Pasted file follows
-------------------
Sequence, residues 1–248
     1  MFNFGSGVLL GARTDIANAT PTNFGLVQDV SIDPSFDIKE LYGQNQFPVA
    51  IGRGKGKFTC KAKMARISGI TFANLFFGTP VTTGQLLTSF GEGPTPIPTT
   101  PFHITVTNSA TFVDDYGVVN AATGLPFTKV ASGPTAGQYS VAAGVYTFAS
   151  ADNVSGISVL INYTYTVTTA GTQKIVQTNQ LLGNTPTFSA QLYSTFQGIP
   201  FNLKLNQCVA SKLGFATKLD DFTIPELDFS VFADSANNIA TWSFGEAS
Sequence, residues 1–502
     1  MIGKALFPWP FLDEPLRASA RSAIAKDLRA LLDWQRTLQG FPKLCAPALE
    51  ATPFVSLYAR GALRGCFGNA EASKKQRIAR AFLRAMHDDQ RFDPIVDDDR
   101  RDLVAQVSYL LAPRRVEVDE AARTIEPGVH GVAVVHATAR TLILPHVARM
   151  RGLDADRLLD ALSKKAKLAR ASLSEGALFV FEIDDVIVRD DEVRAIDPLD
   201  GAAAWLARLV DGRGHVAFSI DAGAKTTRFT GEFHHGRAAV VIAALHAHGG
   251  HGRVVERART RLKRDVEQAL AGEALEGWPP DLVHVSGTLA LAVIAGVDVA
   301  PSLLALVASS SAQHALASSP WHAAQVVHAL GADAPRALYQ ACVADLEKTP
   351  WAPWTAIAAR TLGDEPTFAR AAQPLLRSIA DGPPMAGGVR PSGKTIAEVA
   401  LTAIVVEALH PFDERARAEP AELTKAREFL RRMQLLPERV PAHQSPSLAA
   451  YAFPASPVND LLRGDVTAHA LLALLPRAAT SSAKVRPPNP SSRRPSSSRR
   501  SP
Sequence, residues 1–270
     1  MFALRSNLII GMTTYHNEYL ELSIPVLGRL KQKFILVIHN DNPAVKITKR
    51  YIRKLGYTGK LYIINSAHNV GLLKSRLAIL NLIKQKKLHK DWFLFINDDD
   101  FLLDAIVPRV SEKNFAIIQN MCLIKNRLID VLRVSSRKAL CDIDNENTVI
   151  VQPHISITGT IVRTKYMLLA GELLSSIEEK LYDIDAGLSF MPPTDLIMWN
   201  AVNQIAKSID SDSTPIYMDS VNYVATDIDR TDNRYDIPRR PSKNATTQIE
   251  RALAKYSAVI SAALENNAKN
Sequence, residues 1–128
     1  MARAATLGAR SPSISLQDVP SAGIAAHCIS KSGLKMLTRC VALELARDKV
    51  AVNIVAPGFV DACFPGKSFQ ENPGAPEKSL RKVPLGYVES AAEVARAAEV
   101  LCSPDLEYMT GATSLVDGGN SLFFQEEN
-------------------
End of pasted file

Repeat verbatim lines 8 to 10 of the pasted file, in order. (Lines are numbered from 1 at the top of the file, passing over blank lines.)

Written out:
     1  MIGKALFPWP FLDEPLRASA RSAIAKDLRA LLDWQRTLQG FPKLCAPALE
    51  ATPFVSLYAR GALRGCFGNA EASKKQRIAR AFLRAMHDDQ RFDPIVDDDR
   101  RDLVAQVSYL LAPRRVEVDE AARTIEPGVH GVAVVHATAR TLILPHVARM